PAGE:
By Leslie Wollack and Michael Wallace
Despite the often-stated desire to return to regular order, Members of Congress went home last week for their August recess without having made much progress on any of the 12 annual appropriations bills. Congress has not been able to bring any of the individual spending bills to a joint conference committee, and only nine legislative days now remain before the end of the FY 2013 fiscal year on September 30, when the current federal spending bill expires.
In the clearest sign yet that Congress will have to again resort to passing a continuing resolution (CR) to keep the government funded next year, the House and Senate were both unsuccessful in attempts to approve the respective versions of the FY 2014 Transportation, Housing and Urban Development Appropriations Bill (T-HUD) in the final week before recess.
Although the House and Senate T-HUD bills were both debated last week, the differences between the two versions was stark. The Senate T-HUD bill allocated nearly $10 billion more in overall federal funding than the House T-HUD bill, and therefore could protect funding for local priorities. Among the differences between the two bills, the Senate T-HUD bill maintained Community Development Block Grant (CDBG) funding at $3 billion, while the House T-HUD bill slashed CDBG in half, to $1.6 billion. Other comparisons are highlighted in the following chart:
|Local Priorities in the FY2014 T-HUD Bill||Senate Bill||House Bill|
|Tenant-Based Section 8 Rental Assistance||$19.6 billion||$18.6 billion|
|Project-Based Section 8 Rental Assistance||$10.8 billion||$9.5 billion|
|Community Development Block Grants||$3 billion||$1.6 billion|
|HOME Investment Partnership Program||$1 billion||$700 million|
|Homeless Assistance Grants||$2.3 billion||$2.1 billion|
|TIGER Grants||$550 million||0|
|Transit New Starts||$1.94 billion||$1.82 billion|
|Amtrak||$1.45 billion||$1.05 billion|
|Bridge Repair Grant Program||$500 million||0|
In Congress’ last week of session before the August recess, NLC and many state municipal leagues worked together with local officials to let their representatives in Washington know how critical the housing and transportation programs contained in the T-HUD bill are to local communities. The T-HUD appropriations bill funds many direct formula and competitive grant programs for local governments, including the largest grant program for local governments, the CDBG program.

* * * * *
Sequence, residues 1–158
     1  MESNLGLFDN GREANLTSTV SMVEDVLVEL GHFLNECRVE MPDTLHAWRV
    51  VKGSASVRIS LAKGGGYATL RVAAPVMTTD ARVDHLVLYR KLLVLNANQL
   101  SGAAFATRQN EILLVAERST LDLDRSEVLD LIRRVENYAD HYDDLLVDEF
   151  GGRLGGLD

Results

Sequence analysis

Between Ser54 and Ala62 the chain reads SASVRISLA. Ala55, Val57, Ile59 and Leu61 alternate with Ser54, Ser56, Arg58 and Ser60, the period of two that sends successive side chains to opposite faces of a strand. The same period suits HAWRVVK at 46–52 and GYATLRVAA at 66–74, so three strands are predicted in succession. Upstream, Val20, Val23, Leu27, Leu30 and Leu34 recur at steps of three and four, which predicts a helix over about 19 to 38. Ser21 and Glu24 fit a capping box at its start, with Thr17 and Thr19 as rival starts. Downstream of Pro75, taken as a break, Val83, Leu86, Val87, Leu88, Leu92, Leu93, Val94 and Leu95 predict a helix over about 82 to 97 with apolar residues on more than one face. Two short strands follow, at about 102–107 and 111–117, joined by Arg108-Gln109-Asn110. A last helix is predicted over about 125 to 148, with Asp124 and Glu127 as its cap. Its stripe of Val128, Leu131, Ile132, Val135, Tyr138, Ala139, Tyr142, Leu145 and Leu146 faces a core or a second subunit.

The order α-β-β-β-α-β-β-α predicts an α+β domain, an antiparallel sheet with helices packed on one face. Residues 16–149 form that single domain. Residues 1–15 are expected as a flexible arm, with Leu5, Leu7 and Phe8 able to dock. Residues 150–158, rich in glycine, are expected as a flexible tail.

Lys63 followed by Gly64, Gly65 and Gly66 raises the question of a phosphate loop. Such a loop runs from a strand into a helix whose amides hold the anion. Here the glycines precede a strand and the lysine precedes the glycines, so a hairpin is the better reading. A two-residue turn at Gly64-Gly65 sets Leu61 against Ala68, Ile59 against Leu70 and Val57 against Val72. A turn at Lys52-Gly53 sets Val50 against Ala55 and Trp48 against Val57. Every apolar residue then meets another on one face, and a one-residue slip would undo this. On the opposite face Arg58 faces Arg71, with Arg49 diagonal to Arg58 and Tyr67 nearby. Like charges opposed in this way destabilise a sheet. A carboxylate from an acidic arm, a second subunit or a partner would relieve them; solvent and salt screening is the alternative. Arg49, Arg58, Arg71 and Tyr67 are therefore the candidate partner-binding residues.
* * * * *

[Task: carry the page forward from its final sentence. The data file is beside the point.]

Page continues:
NLC’s advocacy goal for the two bills was to place the one more favorable for local priorities in the best possible position heading into what will be final House/Senate spending negotiations later this year. To do this, NLC urged lawmakers to vote YES on the “Senate T-HUD bill” and to vote NO on the “House T-HUD bill”. We were successful in the House, but not in the Senate.
The House leadership determined that there was a lack of support to pass the House T-HUD bill. The combined opposition of Democrats and Republicans unhappy with the austere spending caps approved by the House Budget Committee, and the small cadre of representatives that wanted even deeper spending cuts were enough to defeat the bill. Rather than allow the House T-HUD bill to fail by recorded vote, the bill has been pulled from further consideration. During debate, representatives from both parties expressed concerns over the loss of federal funds for local programs such as CDBG, low-income housing, Amtrak and transit grants to communities across the country, and quoted the communications they received from local officials.
The Senate was unable to muster the support of 60 Senators required to end debate on the bill. Although this is procedurally different from what occurred in the House, the outcomes are similar in that the T-HUD bills are both stalled indefinitely.
Although Congress will most likely be unable to address funding for local priorities under regular order, the advocacy of local officials accomplished a number of things. For one, dozens of Senators and Representatives in both parties took to the floor to speak in favor of funding for CDBG. More importantly, local officials were instrumental in changing the terms of the debate. As local officials weighed in on the T-HUD bills over the last few weeks, they exposed the weaknesses of the debate in Congress over budgets and spending, which have been largely conceptual and ideological, by confronting Members of Congress with the real impacts of federal spending decisions on communities across the country.
As lawmakers return home during their August recess, NLC members are encouraged to continue to reinforce the importance of federal funds for programs such as CDBG, low-income housing, transit grants and funds for Amtrak to their elected officials.